Tim Peters wrote:
[Christian Heimes, suggests changing Transaction.commit() to start with
# TODO deprecate subtransactions
self._subtransaction_savepoint = self.savepoint(1)
i.e. swapping the first two blocks]
subtransactions != savepoints
There is *no* promise of nestability with subtransactions. Committing a
subtransaction invalidates prior savepoints by design. This is necessary
to maintain backward compatibility.
I'm not sure I follow this: old code could not be using savepoints
directly, so what would break in code that stuck solely to subtxn commits?
> So I don't see how backward compatibility would be injured. BTW, I tried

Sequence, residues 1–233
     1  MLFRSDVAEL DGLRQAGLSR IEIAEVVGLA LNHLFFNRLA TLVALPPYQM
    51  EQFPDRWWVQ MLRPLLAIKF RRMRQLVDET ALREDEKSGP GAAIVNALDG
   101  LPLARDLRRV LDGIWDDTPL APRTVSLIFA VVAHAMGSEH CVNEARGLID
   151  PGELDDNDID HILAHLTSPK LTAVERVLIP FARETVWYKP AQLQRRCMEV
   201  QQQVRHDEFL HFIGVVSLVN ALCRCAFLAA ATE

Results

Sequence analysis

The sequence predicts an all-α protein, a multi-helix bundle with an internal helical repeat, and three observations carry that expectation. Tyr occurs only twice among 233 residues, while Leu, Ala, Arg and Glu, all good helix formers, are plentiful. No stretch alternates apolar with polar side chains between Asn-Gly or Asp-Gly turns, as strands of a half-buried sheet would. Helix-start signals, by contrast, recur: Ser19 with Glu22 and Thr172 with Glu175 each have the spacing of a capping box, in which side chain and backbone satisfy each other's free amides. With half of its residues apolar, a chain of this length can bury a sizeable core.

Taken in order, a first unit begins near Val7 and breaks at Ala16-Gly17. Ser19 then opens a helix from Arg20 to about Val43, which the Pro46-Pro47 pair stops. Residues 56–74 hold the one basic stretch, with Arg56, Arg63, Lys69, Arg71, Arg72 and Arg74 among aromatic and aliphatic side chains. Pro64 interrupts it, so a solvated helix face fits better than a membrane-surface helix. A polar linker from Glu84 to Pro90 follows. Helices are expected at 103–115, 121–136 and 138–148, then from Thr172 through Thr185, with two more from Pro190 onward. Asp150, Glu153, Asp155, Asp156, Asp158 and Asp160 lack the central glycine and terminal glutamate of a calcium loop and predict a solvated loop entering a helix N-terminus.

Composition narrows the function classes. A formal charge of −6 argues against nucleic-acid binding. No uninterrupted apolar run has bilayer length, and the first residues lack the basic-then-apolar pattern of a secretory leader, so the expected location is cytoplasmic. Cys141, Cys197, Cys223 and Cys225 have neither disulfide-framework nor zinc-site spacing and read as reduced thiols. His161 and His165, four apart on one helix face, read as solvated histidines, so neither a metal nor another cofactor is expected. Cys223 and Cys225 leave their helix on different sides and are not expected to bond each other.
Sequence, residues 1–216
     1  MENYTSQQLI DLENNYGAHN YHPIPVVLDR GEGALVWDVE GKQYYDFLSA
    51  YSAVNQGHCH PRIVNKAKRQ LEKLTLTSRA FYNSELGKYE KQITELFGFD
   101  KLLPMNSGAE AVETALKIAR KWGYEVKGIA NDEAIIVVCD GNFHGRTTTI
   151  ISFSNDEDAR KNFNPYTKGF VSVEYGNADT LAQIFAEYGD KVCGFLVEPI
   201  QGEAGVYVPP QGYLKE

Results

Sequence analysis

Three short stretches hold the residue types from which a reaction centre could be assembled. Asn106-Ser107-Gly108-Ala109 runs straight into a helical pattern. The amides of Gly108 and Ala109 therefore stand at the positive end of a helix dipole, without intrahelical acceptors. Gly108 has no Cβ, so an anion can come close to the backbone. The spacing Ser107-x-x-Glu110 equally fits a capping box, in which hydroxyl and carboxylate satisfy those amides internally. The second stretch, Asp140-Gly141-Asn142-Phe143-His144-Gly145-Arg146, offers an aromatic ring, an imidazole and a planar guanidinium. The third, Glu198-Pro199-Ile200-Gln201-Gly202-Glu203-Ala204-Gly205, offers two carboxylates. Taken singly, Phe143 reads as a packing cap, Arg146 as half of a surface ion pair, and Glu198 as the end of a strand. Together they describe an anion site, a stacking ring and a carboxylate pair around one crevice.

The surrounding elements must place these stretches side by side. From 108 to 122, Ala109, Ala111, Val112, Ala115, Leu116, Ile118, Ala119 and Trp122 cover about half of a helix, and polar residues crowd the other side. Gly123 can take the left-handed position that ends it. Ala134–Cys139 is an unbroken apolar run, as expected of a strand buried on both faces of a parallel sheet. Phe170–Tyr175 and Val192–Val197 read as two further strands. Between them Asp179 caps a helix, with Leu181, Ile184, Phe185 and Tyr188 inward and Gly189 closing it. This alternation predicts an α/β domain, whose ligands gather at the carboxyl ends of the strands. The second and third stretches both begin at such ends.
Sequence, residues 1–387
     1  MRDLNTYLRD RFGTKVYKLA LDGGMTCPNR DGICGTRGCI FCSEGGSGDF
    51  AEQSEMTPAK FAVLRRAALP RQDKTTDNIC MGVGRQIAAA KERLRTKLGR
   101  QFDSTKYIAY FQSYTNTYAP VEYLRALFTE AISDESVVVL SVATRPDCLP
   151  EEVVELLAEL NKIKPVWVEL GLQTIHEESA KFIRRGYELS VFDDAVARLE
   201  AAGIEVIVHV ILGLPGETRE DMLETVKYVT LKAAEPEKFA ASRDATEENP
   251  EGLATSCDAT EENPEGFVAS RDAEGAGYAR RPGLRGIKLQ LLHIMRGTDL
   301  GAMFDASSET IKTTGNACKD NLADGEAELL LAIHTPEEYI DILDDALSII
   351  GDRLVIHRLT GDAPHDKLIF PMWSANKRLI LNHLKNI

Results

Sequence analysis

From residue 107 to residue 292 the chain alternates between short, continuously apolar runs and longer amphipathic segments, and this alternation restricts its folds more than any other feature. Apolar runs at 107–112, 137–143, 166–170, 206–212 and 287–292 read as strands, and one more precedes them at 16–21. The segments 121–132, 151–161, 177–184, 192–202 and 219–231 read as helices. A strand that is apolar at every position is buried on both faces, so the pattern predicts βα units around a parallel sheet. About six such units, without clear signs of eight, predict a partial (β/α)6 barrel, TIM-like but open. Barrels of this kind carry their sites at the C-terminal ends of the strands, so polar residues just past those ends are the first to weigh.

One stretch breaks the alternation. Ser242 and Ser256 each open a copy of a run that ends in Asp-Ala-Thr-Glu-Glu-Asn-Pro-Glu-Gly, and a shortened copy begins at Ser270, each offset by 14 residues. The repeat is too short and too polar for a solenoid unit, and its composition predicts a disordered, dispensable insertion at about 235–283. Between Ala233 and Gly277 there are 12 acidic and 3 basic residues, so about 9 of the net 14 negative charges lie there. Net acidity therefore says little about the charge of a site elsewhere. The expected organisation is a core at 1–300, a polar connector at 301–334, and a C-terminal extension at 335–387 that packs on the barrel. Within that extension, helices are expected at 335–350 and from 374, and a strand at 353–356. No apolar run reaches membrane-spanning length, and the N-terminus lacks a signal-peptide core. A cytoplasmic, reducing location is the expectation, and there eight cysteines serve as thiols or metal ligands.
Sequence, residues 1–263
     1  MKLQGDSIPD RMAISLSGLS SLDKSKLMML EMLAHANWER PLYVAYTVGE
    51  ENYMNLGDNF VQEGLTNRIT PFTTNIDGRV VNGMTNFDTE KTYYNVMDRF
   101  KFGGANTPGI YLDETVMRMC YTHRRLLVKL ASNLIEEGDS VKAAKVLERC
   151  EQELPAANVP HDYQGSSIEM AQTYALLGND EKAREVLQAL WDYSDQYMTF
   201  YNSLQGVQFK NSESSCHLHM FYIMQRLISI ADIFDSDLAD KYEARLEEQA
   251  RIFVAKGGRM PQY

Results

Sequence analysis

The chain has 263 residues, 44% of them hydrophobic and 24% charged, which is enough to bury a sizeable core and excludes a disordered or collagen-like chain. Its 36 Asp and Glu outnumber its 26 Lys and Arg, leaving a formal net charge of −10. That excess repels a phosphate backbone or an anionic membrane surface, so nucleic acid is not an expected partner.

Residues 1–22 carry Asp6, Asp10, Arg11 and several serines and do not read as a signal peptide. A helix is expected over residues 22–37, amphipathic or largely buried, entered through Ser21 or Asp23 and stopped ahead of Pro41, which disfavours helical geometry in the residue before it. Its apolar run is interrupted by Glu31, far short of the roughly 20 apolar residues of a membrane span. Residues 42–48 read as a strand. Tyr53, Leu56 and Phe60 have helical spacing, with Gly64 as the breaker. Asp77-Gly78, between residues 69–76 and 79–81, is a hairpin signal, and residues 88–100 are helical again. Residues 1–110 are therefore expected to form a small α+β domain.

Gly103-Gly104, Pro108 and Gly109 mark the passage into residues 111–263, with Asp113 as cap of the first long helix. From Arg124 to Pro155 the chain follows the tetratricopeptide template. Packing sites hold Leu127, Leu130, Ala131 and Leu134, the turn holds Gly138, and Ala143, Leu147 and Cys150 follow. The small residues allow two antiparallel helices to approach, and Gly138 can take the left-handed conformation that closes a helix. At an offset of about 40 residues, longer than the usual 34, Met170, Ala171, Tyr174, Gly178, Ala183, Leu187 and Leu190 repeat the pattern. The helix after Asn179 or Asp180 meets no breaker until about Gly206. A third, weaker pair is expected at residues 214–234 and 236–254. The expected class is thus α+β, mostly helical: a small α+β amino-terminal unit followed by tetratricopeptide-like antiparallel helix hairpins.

> it, and all the ZODB tests pass with this change.
When you so commit(1), the promise is that, if the top-level transaction
commits, then any work done up to the commit(1) is committed. Consider
- new code: s = transaction.savepoint()
- old code: foo.x = 42
- old code: transaction.commit(1)
- new code: s.rollback()
- old code: transaction.commit()
Now, the old code expected that foo.x was 42. It did a commit(1).
But, in fact, if we can roll back s, then in fact, the old code
can't count on the semantics of the commit(1). This would be
a change in behavior for subtransactions.
Subtransactions only provide one level of nesting. They are
not the same as savepoints.
Now, I don't know for sure that anyone depends on the non-nestedness
of subtransactions. Mostly, subtransactions are used to checkpoint
incomplete changes to disk. So perhaps the backward compatibility
risk is small.
Jim Fulton mailto:[EMAIL PROTECTED] Python Powered!
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